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Fannie Mae National Housing Survey Reveals Great Expectations

by Joe Van Acker

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Fannie Mae’s December National Housing Survey found consumers growing more confident with the housing market.

It looks like avoiding the apocalypse may have put consumers in the mood to buy. Americans continue to report confidence in the housing market despite concerns for their personal finances and the overall economy. Respondents to Fannie Mae’s December National Housing Survey reported positive expectations for home and rental prices as well as mortgage rates.
 

National Housing Survey Shows More Consumers Expect Higher Home Prices

In December, 43 percent of consumers said they believed home prices would increase over the next 12 months, the largest share since the survey’s inception in June 2010 and a 6 percentage point boost from November. Consumers also expected the price of homes to increase by an average of 2.6 percent over the next year, another high water mark.

Other findings from the National Housing Survey include:

  • Twenty-one percent of respondents say they believe it’s a good time to sell, a 2 percentage point decrease from last month’s record high, but a 10 percentage point increase year over year.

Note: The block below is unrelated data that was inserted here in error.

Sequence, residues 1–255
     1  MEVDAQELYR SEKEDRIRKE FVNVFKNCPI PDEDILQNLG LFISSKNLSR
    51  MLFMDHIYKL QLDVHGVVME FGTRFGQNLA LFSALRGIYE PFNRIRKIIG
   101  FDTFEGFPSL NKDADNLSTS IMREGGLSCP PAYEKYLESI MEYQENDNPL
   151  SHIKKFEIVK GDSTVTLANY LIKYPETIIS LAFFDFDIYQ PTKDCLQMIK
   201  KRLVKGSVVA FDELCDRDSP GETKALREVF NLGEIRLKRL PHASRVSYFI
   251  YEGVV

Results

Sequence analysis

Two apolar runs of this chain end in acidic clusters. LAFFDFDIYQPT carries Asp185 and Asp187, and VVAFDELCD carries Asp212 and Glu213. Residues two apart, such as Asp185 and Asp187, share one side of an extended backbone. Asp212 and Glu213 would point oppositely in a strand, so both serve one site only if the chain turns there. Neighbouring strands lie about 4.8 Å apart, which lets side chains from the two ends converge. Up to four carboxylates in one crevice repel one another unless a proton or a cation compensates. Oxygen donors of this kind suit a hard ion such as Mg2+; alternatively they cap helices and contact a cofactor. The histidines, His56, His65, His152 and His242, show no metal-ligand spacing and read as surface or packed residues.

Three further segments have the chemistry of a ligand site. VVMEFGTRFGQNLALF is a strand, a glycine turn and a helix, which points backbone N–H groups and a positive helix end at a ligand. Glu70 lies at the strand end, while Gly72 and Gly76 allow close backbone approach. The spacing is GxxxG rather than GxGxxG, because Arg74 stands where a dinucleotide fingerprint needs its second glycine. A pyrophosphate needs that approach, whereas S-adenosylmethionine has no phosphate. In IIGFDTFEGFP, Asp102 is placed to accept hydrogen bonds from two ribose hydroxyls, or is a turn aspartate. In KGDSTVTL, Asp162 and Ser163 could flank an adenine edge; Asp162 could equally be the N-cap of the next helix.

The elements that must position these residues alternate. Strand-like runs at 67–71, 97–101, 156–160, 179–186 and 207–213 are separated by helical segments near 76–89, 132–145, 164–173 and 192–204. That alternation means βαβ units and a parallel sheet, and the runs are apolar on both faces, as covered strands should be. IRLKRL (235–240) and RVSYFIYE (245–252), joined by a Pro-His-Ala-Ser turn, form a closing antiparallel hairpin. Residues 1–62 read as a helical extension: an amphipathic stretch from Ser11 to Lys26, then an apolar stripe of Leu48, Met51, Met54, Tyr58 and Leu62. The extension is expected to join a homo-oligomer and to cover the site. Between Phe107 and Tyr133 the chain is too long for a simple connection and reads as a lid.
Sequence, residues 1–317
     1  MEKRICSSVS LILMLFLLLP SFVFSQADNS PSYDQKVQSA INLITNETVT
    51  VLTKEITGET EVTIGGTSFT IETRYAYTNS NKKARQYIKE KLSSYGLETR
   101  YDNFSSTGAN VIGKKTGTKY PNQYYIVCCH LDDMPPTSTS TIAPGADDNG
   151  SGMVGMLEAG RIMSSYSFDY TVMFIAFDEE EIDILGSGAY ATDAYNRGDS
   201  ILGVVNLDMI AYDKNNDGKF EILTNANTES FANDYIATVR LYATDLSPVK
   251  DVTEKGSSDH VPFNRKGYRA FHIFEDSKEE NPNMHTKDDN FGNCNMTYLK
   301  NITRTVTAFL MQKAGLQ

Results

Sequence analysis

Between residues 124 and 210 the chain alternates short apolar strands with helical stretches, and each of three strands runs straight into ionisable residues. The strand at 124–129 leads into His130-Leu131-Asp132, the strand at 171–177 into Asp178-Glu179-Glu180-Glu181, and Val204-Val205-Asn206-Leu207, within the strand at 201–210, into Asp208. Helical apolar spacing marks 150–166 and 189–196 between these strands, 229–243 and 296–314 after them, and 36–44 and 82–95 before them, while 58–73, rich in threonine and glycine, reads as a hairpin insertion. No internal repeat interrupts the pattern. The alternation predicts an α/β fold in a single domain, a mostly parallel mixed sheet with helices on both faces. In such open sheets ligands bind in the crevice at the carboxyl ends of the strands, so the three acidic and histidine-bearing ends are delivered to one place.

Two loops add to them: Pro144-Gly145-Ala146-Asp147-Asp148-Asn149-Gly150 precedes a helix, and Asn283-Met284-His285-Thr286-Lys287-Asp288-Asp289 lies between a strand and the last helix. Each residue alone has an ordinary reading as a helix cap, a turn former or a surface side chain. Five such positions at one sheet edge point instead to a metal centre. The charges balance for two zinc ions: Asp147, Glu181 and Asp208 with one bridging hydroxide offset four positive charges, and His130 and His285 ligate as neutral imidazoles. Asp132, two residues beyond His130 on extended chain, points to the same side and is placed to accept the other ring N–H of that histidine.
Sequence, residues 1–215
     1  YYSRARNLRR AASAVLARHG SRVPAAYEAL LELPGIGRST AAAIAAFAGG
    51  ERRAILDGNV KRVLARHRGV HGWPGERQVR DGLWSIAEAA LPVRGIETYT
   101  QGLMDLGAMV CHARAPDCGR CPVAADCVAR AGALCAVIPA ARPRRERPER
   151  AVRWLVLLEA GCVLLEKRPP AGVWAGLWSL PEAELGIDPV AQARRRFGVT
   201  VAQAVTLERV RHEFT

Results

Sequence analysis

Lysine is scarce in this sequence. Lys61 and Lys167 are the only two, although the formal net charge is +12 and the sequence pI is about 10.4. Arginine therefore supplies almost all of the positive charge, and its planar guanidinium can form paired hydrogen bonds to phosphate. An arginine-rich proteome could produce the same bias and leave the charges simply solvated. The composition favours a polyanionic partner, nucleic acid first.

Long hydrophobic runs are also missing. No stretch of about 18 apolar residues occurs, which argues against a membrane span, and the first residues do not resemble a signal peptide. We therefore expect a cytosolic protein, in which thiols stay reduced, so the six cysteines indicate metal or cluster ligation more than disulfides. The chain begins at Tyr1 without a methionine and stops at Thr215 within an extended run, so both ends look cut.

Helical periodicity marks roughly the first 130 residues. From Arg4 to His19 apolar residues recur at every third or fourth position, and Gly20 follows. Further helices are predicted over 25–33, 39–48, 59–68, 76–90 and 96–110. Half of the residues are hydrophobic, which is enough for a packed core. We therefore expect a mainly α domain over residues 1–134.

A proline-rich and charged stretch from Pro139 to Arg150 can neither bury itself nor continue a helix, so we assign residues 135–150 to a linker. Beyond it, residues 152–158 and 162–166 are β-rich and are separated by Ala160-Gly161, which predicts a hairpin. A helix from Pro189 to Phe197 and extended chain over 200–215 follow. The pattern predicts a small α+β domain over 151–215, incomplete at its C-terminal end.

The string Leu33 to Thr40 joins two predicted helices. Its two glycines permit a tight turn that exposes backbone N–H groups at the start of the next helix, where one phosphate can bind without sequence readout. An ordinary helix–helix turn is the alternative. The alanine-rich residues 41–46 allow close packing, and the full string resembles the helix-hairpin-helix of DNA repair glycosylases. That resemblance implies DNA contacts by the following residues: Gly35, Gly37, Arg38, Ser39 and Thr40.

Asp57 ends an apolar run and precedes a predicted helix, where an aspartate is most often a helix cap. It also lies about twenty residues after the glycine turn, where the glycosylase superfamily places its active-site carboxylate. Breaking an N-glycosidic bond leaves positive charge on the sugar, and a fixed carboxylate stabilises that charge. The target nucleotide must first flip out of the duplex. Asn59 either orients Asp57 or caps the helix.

• The share of respondents who said they would buy if they were going to move decreased slightly to 66 percent.
  • Twenty-two percent of respondents say their household income is significantly higher than it was 12 months ago, a slight increase over last month and a 5 percentage point increase over September.

Doug Duncan: Confidence Could Boost Home Sales

Doug Duncan, the senior vice president and chief economist of Fannie Mae, said that growing consumer confidence could spur home sales.

“The positive home price outlook could incentivize those waiting on the sidelines of the housing market to buy a home sooner rather than later,” Duncan said.He also acknowledged that volatility in consumer perceptions stemming from the fiscal cliff and debt ceiling debates could negatively impact the economy.

“This uncertainty seems to be prompting a growing share of consumers to expect their personal finances to worsen and may contribute to weaker near-term economic growth,” said Duncan.

Elizabeth Jakaitis, an agent with Prudential Rubloff in Lake Forest, said that she hasn’t seen a rise in home prices, but buyers have been more active.

“The interesting thing is that we really aren’t having price increases yet locally, but we’re certainly seeing more sales,” Jakaitis said. “We’re very optimistic.”

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